In Urban v. Topping Brothers, 184 App. Div. 633, 172 N.Y.S. 432, a clerk in a wholesale concern finished his work and went to look for companions with whom he usually went home and who were at that time elsewhere in the employer's premises.Summary of this case from Great American Indemnity Co. v. Britton
November 13, 1918.
Arthur Butler Graham [ Howard J. MacLachlan of counsel], for the appellants.
Merton E. Lewis, Attorney-General [ E.C. Aiken, Deputy Attorney-General, of counsel], and Robert W. Bonynge, counsel to State Industrial Commission, for the respondents.
The serious question involved upon this appeal is whether the injury arose out of and in the course of the employment.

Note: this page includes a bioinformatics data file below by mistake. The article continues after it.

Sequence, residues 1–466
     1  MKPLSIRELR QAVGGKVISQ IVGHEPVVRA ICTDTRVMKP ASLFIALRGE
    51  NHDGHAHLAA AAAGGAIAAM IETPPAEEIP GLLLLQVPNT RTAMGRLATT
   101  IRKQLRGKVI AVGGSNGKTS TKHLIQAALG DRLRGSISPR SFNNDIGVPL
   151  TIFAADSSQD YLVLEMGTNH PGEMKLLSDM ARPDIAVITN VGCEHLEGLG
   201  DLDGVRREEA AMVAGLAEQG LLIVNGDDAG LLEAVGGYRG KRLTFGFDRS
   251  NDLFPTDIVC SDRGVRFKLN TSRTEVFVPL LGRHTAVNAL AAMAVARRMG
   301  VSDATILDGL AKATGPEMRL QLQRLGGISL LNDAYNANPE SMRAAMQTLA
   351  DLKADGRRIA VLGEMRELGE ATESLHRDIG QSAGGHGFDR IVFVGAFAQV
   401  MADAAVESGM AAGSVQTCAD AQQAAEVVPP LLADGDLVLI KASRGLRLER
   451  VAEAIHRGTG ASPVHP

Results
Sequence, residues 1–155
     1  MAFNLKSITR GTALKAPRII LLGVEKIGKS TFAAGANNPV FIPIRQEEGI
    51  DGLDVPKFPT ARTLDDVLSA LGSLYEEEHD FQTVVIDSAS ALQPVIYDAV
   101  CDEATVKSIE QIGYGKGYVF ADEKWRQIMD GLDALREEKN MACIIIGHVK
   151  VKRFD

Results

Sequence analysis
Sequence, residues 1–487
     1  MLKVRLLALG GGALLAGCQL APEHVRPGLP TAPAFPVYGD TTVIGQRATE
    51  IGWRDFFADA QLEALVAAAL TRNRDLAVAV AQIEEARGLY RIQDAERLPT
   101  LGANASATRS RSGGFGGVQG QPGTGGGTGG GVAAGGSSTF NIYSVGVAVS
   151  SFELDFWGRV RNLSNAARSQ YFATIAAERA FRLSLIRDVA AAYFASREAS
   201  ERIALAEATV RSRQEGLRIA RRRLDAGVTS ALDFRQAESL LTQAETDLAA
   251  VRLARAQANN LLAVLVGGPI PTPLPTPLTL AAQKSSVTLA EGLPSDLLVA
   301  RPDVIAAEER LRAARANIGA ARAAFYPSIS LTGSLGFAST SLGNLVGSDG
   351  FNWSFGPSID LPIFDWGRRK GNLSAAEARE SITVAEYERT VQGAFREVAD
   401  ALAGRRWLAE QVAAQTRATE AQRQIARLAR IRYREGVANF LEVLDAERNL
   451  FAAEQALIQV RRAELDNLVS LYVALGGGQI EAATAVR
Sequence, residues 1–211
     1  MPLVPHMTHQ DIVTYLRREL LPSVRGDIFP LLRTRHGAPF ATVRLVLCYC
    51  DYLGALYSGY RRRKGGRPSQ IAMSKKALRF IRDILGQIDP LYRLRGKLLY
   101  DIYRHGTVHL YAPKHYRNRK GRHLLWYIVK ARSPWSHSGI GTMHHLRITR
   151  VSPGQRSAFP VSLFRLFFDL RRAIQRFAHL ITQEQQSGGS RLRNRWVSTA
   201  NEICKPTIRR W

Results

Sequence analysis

Paul Urban, the deceased, was injured while at work for Topping Brothers. He died on December 7, 1917, as the result of an accident on the day before. Preliminary to the taking of evidence the Deputy Commissioner inquired as follows: "Is this case contested? Mr. Spiegel [Plaintiff's attorney]: It apparently is. Mr. Archer: Contested on what ground? Mr. Gardiner: On the ground the case does not rightfully come under the Compensation Law. Mr. Archer: That he wasn't engaged in a hazardous occupation? Mr. Gardiner: No, the accident was not one that arose out of and in the course of employment." The case is stated by the attorney for the claimant as follows: "Mr. Spiegel: This concern ceased work at 5:30. The accident occurred at 5:35, five minutes really after quitting time. Mr. Archer [Deputy Commissioner]: On the premises? Mr. Spiegel: Yes. A good many employees had left the place, but my man and several others were still on the premises although they quit actual work. There was an elevator on the premises and the deceased had stepped up to the elevator in order to call two co-employees with whom he usually went home. He didn't find them on his floor. In order to call them he looked into the elevator shaft. This elevator shaft had a door in front of it which had a square opening about the height of a man's head, and as he put his face in there to call for these friends at that moment the elevator descended and he sustained injuries from which he died. The contention is not so much that while he was on the premises the accident occurred but in the course of his employment. My friend's contention is, possibly, that it did not arise out of and in the course of his actual employment. That is the only bone of contention. I think everything else is conceded. There would be no dispute to anything else. We would like a ruling if this falls within the Compensation Law. Mr. Archer: What's your statement? Mr. Gardiner: The man had finished his work for the day, had washed up, had put on his coat and hat and started out, and then returned to call down the elevator shaft to — Mr. Archer: By `started out' you mean he actually left the premises? Mr. Gardiner: No, he had gone as far as the door and came back simply for his personal business and not in connection with anything relating to his employment. * * * Then the question of dependency is also disputed, after we come out of that. Mr. Archer: I believe you have agreed absolutely on the statement of fact. Mr. Spiegel: I believe so. Mr. Archer: Let's go ahead and try the question of dependency. * * * Mr. Gardiner: The Commissioner hasn't decided as yet that he comes under the Compensation Law? Mr. Archer: No, I have made no decision yet, but I think you have agreed on the question of fact. Case is adjourned."